EMDR and Autism: Does EMDR Benefit a Child with Autism?

Does EMDR Benefit a Child with Autism?

Eye movement desensitization and reprocessing (EMDR) is a therapy technique that has been around for a long time. This targeted therapy is conducted under the guidance of a trained therapist. It centers on exploring and addressing negative memories. It incorporates bilateral stimulation methods like:

  • eye movements
  • physical taps
  • other movements when appropriate

Originally, it was created to assist people dealing with the intense symptoms of posttraumatic stress disorder (PTSD). EMDR therapy is now recognized for its ability to aid in the assessment and processing of traumatic memories or challenging life experiences. EMDR can be an effective therapeutic strategy for individuals with:

  • intellectual and developmental disabilities
  • mental health conditions
  • anxiety and affective disorders
  • eating disorders

The process helps patients move towards healthier mental and physical responses to stressors. Sometimes, people who do EMDR therapy feel much better about a certain memory or thought.

Featured Programs

Recently, some people think EMDR can help children with autism, a condition that affects 1 in 59 kids. Patients with autism often have different neurological responses that make processing trauma related symptoms and stress much more difficult. At times, an autistic patient may process trauma in a way that is even harmful to themself. Recent studies show that EMDR is a workable option for both managing stress disorders in autistic individuals and as a basic therapy tool to curb some of the standard symptoms of Autism Spectrum Disorder (ASD).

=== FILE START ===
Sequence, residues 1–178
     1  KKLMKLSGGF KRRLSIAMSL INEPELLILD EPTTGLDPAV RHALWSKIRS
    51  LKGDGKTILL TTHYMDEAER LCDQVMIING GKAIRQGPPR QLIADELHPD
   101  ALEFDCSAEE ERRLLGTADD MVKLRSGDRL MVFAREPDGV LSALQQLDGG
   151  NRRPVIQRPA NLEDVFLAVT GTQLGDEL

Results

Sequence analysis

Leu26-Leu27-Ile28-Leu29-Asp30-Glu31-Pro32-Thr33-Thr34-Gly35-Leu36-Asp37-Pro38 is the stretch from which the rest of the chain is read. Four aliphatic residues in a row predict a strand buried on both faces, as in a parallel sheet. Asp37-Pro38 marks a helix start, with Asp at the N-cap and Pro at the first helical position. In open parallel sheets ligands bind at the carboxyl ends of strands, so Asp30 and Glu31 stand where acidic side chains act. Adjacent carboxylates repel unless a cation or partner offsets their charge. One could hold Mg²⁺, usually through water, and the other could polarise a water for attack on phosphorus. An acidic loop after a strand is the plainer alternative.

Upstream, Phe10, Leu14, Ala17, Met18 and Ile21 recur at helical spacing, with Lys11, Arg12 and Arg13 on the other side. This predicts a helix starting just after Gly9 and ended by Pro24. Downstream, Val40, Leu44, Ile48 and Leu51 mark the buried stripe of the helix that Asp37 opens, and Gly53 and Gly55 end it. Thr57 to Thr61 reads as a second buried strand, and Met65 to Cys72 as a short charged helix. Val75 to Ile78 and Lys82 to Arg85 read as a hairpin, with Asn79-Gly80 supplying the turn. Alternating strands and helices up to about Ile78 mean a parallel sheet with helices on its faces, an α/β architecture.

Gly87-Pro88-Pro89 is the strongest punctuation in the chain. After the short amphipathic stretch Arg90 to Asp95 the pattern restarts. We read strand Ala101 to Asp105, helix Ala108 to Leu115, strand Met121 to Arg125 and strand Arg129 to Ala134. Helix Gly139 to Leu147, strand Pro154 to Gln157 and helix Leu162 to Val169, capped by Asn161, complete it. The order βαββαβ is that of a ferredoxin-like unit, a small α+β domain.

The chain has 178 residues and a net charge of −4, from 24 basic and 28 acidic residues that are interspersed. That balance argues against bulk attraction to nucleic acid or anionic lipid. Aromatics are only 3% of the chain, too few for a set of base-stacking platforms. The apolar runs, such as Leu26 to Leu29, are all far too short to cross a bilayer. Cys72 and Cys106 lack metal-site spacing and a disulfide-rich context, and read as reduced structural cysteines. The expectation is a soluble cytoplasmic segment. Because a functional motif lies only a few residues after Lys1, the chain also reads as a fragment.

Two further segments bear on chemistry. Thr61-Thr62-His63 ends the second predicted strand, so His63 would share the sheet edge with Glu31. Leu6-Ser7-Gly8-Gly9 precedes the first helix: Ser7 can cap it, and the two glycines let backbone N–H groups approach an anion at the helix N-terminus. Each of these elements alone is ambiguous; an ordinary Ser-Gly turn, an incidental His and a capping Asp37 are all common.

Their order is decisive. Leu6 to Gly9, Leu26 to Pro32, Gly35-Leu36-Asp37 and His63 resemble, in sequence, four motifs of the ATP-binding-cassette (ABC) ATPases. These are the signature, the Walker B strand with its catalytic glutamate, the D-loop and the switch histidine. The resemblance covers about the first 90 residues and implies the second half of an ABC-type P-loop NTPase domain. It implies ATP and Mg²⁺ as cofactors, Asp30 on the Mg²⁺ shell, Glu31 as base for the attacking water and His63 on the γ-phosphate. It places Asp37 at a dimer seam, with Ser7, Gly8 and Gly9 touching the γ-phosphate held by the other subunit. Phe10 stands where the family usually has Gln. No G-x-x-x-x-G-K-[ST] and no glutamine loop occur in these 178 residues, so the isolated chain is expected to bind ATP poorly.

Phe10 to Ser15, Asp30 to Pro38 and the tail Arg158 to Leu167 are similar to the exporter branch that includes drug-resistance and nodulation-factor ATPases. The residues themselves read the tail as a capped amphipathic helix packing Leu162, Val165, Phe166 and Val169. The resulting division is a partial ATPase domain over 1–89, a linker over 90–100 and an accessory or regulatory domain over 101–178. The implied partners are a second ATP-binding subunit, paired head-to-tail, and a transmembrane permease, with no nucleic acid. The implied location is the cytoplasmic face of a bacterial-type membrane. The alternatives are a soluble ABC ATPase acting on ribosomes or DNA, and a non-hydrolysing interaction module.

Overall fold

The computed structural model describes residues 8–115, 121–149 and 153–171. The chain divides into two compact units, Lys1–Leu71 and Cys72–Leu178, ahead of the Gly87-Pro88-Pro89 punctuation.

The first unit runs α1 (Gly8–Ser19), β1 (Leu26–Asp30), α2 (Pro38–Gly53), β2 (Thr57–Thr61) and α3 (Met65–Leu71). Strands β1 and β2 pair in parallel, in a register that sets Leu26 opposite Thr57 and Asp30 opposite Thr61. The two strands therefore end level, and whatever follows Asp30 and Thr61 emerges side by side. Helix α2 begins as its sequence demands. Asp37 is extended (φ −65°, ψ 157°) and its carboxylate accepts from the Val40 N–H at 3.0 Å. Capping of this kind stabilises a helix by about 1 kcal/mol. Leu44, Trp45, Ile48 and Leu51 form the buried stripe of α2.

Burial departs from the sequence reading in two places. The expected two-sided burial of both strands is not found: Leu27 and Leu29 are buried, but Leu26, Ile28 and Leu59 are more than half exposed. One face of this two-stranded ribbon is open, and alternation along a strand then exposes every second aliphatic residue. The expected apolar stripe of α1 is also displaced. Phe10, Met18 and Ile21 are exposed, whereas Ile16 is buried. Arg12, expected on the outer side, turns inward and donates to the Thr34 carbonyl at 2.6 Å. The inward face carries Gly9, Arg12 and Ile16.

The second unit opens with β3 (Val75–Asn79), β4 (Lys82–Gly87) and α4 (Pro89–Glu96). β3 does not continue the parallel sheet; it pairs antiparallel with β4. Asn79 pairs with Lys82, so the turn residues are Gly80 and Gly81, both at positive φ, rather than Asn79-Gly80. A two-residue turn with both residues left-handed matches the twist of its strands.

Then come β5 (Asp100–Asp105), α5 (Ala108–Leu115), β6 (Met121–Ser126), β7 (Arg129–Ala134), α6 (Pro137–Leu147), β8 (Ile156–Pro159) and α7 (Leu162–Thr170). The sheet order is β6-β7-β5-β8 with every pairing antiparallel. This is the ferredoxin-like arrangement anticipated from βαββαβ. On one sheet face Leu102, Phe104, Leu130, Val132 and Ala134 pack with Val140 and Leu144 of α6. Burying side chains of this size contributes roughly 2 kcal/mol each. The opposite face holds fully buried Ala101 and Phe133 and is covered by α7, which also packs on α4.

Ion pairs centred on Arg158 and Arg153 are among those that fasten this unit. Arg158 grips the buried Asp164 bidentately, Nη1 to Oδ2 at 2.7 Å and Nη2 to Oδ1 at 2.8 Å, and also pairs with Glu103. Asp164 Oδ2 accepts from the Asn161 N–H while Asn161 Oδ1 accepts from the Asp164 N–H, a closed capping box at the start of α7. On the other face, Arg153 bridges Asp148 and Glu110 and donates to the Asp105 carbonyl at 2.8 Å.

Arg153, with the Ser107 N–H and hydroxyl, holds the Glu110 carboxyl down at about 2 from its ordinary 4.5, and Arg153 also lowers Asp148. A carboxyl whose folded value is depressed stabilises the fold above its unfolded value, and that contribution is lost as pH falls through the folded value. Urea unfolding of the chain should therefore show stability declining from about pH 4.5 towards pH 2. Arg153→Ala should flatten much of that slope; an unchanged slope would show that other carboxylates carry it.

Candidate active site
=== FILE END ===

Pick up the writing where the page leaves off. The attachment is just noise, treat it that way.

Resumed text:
Related resourceTop 25 Online Master’s in Autism Spectrum Disorder (ASD)

The Eight Phases of EMDR

Eye movement desensitization and reprocessing therapy have eight common phases. Autistic individuals may need modifications in many stages of the EMDR phases due to their neurological differences. These phases guide both the therapist and the client through a structured process of desensitization and reprocessing:

History-taking and Treatment Planning: In this initial phase, the therapist learns about the client’s history and identifies target memories or experiences to work on. Together, they create a treatment plan outlining the goals and objectives.

Preparation: Clients learn coping strategies and relaxation techniques to manage distressing emotions during EMDR. The therapist ensures they have the necessary tools to handle the therapy effectively.

Assessment: The therapist helps the client identify specific memories or beliefs related to the trauma. They evaluate the emotional and physical sensations associated with these memories to determine the level of disturbance.